Mason, Ohio

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Mason, Ohio
City
Aerial view of Mason
Aerial view of Mason
Nickname(s): "Home of the Comets"
Motto: "more than you imagine."
Location of Mason, Ohio
Location of Mason, Ohio
Coordinates: 39°21′29″N 84°18′43″W / 39.35806°N 84.31194°W / 39.35806; -84.31194Coordinates: 39°21′29″N 84°18′43″W / 39.35806°N 84.31194°W / 39.35806; -84.31194
Country United States
State Ohio
County Warren
Government
 • Type Mayor-council
 • Mayor David F. Nichols (R)
Area[1]
 • Total 18.67 sq mi (48.36 km2)
 • Land 18.63 sq mi (48.25 km2)
 • Water 0.04 sq mi (0.10 km2)
Elevation[2] 810 ft (247 m)
Population (2010)[3]
 • Total 30,712
 • Estimate (2012[4]) 31,091
 • Density 1,648.5/sq mi (636.5/km2)
Time zone Eastern (EST) (UTC-5)
 • Summer (DST) EDT (UTC-4)
ZIP code 45040
Area code(s) 513
FIPS code 39-48188[5]
GNIS feature ID 1061481[2]
Website imaginemason.org

Mason is a city in southwestern Warren County, Ohio, United States, approximately 22 miles (35 km) from downtown Cincinnati. As of the 2010 census, Mason's population was 30,712.[6]

Mason was transformed into a large, bustling community, and one of the most affluent in Greater Cincinnati, beginning in the 1990s. Mason sits at the core of the Cincinnati-Dayton Metropolitan Region, the 14th largest urban area in the nation. In 2013, Mason was ranked seventh in Money Magazine's 2013 Top 50 Best Places to live in the United States.[7] In 2008 and 2011, CNN named Mason one of the top 100 places to live in the United States.[8]

Mason is home to Kings Island amusement park and one of the largest tennis stadiums in the world, the Lindner Family Tennis Center, home of the Western & Southern Open, one of the world's top tennis tournaments for both men and women.

History[edit]

On June 1, 1803, Revolutionary War veteran William Mason paid $1,700 at auction to purchase 640 acres (2.6 km2) of land in what is now downtown Mason. In 1815, he platted 16 lots on this land and named the village "Palmira." In 1832, two years after the death of William Mason and according to his will, more than 40 additional lots were platted on the north, south, and west of Palmira. When the plat was officially recorded, the name of the village was listed as "Palmyra."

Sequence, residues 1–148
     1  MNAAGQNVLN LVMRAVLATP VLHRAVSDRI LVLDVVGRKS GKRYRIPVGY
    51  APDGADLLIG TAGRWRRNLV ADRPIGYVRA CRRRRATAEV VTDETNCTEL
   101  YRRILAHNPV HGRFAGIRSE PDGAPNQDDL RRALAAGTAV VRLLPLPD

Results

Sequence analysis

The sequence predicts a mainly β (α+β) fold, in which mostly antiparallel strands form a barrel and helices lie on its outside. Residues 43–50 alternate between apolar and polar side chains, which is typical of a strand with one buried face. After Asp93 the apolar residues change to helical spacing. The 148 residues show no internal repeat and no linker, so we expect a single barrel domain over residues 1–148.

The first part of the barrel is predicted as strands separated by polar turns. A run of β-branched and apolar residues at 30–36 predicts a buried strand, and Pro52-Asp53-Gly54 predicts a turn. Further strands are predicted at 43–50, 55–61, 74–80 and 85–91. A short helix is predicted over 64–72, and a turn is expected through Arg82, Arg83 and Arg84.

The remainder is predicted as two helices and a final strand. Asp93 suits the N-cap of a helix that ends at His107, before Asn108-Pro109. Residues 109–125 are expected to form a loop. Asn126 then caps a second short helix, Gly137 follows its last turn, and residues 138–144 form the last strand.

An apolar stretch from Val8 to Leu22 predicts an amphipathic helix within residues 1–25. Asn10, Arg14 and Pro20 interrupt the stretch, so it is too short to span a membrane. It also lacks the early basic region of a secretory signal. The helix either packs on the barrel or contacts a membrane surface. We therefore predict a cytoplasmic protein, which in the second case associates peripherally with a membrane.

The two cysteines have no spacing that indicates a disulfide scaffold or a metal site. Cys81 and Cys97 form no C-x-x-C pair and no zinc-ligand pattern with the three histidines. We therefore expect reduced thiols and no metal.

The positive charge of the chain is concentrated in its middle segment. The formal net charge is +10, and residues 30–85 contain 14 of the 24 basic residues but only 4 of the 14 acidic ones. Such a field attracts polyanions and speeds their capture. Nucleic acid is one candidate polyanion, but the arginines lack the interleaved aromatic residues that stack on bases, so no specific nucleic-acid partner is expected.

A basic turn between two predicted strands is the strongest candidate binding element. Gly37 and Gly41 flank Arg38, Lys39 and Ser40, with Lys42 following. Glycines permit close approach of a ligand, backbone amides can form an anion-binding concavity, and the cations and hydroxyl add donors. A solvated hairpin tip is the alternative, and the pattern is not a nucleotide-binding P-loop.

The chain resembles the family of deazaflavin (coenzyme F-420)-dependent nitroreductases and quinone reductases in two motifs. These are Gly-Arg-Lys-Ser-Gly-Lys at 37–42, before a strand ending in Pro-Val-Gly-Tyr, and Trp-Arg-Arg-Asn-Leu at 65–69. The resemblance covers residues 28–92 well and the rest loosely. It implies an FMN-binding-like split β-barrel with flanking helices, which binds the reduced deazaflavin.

In 1835, a petition was sent to the federal post office to correct the name of the town. It had been listed as Kirkwood, possibly an error because the postmaster at the time was William Kirkwood. When village officials were informed that there was another Palmyra in Ohio, the name was officially changed to "Mason."

Mason remained a small farming community for another 125 years. In 1970, a year before the town was incorporated to become a city, there were fewer than 5,700 residents.[9]

In February 1997, Mason withdrew from surrounding Deerfield Township by forming a paper township called Mason Township.[10]

Demographics[edit]

Historical population
Census Pop.
1850 431
1860 441 2.3%
1870 387 −12.2%
1880 431 11.4%
1890 564 30.9%
1900 629 11.5%
1910 737 17.2%
1920 816 10.7%
1930 854 4.7%
1940 902 5.6%
1950 1,196 32.6%
1960 4,727 295.2%
1970 5,677 20.1%
1980 8,692 53.1%
1990 11,452 31.8%
2000 22,019 92.3%
2010 30,712 39.5%
Est. 2012 31,091 1.2%
Sources:[11][12][13][14][15][16][5][17]

The median income for a household in the city was $89,569, and the median income for a family was $103,459[3] Males had a median income of $96,002 and females had a median income of $75,968. The per capita income for the city was $37,948. The median house price was $320,289. About 1.6% of families and 2.8% of the population were below the poverty line, including 1.8% of those under age 18 and 4.8% of those age 65 or over.

The city is in the Mason City School District. Mason is served by two interstates, I-71 and I-75.

2010 census[edit]

As of the census[3] of 2010, there were 30,712 people, 11,016 households, and 8,205 families residing in the city. The population density was 1,648.5 inhabitants per square mile (636.5/km2). There were 11,471 housing units at an average density of 615.7 per square mile (237.7/km2). The racial makeup of the city was 85.1% White, 3.3% African American, 0.2% Native American, 9.0% Asian, 0.1% Pacific Islander, 0.8% from other races, and 1.5% from two or more races. Hispanic or Latino of any race were 3.2% of the population.

There were 11,016 households of which 44.5% had children under the age of 18 living with them, 63.4% were married couples living together, 8.4% had a female householder with no husband present, 2.7% had a male householder with no wife present, and 25.5% were non-families. 22.4% of all households were made up of individuals and 8.3% had someone living alone who was 65 years of age or older. The average household size was 2.77 and the average family size was 3.30.